Editor's Note: This is one in a continuing series of Q&As with Locke Lord lawyers on key legal issues confronting companies engaged in industries that have national and global impact. Here, Locke Lord partners Bill Swanstrom and Matt McTygue how seller capitulation is fueling an increase in the sale of energy sector assets.
Q: What are the key issues confronting the energy sector today that investors – particularly private equity investors – need to be aware of as they look for energy investment opportunities?
A: We see increasing signs of "seller capitulation" – e.g., increased bankruptcy filings, increased concerns about liquidity and access to capital, increased pricing pressure – that are motivating potential sellers to sell assets or businesses in order to pay down debt and increase liquidity. That’s the good news for potential buyers of companies. The challenge for buyers, as always in these situations, is deciphering whether they are buying a "falling knife," or instead are buying quality companies or assets at attractive prices, with the opportunity to generate a significant upside. Adding to that challenge is the fact that downturns tend to result in more litigation risk, more employment-related claims and more counterparty credit-risk. Careful due diligence by buyers can help mitigate that risk, as can strong indemnities and – increasingly – rep and warranty insurance products.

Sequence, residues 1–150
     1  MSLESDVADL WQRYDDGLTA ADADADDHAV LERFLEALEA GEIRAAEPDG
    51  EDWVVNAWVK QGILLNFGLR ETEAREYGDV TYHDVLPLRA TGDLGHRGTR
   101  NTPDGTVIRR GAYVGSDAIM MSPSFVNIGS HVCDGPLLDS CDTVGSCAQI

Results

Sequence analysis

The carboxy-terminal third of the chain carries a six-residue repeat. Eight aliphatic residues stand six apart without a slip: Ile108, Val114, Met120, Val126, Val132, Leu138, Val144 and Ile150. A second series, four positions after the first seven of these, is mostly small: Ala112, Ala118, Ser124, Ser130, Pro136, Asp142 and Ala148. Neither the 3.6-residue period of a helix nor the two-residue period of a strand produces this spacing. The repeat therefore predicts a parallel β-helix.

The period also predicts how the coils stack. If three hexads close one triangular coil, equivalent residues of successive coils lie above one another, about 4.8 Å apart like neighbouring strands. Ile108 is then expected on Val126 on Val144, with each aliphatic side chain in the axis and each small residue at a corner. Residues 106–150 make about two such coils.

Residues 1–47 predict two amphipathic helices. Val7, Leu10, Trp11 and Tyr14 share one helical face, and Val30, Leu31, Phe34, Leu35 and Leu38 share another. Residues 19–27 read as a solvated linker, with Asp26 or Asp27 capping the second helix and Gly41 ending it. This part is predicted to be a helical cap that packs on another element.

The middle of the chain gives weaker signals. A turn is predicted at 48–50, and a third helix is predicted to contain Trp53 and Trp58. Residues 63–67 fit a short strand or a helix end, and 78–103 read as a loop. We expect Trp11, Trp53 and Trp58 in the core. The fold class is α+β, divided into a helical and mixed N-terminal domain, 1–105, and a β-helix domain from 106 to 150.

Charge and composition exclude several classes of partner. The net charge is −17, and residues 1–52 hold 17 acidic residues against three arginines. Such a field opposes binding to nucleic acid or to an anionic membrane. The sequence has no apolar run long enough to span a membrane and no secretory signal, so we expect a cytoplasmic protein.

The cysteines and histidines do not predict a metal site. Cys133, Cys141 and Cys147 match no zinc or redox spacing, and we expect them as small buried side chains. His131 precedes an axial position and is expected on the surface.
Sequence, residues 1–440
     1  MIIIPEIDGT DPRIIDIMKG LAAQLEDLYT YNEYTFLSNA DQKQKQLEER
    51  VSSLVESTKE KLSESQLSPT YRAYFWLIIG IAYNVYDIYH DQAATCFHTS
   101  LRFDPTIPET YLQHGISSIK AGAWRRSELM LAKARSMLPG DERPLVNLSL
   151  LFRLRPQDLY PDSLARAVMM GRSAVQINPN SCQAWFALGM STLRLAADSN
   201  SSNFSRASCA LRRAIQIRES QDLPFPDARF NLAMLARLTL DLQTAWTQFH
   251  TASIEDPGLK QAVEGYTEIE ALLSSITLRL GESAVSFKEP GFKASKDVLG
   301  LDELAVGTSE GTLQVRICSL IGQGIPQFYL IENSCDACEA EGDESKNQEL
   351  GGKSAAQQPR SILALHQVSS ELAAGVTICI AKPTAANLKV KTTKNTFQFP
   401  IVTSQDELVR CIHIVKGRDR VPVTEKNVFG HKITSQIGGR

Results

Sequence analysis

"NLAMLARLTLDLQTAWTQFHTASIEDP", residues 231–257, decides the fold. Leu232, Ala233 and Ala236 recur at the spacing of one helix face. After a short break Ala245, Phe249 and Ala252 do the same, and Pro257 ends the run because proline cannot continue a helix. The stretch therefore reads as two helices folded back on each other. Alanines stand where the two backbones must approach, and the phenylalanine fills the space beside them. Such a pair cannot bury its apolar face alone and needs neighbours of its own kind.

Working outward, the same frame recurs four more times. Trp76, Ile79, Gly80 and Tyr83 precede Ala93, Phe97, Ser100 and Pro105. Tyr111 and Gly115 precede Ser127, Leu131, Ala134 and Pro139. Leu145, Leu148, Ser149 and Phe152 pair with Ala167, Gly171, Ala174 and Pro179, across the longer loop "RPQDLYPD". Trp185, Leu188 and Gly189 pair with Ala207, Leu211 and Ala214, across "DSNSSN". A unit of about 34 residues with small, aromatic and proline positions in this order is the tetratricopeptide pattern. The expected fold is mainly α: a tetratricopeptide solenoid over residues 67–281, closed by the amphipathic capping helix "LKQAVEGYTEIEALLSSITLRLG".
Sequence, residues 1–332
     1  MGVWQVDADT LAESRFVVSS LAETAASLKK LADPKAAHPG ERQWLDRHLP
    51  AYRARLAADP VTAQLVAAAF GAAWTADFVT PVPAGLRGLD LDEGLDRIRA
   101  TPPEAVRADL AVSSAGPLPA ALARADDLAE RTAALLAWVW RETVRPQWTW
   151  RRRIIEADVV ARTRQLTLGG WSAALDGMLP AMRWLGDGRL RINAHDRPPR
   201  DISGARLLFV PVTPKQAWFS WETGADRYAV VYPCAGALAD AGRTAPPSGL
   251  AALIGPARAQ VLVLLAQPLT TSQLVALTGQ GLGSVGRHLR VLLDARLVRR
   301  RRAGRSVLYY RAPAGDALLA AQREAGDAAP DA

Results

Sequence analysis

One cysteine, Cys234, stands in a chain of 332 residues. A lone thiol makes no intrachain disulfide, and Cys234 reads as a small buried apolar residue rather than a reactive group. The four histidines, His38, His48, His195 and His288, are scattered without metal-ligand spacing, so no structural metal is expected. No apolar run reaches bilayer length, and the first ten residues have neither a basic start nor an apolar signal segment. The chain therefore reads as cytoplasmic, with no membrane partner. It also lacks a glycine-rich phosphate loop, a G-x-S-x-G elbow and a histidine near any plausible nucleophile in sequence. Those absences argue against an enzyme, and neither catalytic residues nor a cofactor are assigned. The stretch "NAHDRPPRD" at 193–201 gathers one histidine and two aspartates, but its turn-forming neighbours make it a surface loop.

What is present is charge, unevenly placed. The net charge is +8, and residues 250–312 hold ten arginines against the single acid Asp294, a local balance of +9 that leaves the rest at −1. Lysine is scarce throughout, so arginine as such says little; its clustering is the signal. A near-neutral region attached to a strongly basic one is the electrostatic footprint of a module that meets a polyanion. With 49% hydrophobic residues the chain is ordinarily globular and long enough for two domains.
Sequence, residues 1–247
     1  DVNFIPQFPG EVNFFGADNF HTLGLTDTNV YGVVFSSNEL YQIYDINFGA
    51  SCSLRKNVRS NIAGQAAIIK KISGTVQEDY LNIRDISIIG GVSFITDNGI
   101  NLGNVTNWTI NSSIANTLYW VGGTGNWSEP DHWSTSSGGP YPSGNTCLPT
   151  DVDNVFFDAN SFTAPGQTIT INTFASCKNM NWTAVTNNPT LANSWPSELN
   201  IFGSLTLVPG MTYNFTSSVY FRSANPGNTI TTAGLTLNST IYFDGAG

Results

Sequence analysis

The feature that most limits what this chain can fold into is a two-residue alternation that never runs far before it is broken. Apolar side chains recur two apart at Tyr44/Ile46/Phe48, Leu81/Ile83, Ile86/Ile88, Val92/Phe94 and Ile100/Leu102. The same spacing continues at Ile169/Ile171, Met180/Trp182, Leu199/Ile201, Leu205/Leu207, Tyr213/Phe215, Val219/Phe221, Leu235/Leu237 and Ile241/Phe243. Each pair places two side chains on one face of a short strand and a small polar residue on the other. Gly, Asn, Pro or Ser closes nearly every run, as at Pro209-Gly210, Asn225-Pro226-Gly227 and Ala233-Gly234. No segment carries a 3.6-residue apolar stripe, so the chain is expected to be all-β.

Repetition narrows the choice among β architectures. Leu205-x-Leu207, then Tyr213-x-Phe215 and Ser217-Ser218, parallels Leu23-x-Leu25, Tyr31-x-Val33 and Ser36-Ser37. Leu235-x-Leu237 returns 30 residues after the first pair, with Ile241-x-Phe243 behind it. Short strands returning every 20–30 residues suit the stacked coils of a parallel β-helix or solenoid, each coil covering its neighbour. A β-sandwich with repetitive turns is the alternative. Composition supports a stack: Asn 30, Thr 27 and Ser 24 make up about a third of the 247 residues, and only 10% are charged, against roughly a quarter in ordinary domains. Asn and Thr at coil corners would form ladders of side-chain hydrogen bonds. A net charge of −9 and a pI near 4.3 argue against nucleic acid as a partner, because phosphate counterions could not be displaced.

Q: How can private equity companies get more value out of their assets now and also when they sell these assets when oil prices rebound?
A: For private equity companies that already own energy assets, the key to success is controlling costs during the down cycle so that their companies survive to take advantage of the inevitable rebound. Keeping liquidity as high as possible while keeping debt as low as possible will help position those companies to take advantage of opportunistic buying opportunities. We have already seen many of our private equity clients benefit from limited, strategic buying opportunities – and expect that many more will do so in the second half of the year. But those opportunities are only available to those that have the balance sheet flexibility to take advantage of them. They will also need patience, as this downturn is shaping up to be a long one – longer still if the nuclear treaty with Iran is ratified and they begin contributing to the global industry oversupply.
Q: Where are the best strategic investment opportunities currently in the energy sector? Upstream? Alternative? Midstream? Oilfield Services?
A: Certainly the midstream sector is where we have seen the most investment and M&A activity during the first half of 2015. Even in a “short term” low commodity price environment, the US continues to have a very strong longer term need for midstream infrastructure. Many of the most prolific shale plays are in regions that historically have not seen meaningful oil and gas activity – and so don’t have the infrastructure they need to move fossil fuels to markets, or to process those fossil fuels.
We also have seen an uptick in upstream activity in the last couple of months, as more and more upstream companies find themselves needing – or at least wanting – to find buyers or investors to help them maneuver through the current downturn. We expect that some of the recent bankruptcy filings of upstream companies are both an indicator of and a catalyst for additional buying opportunities.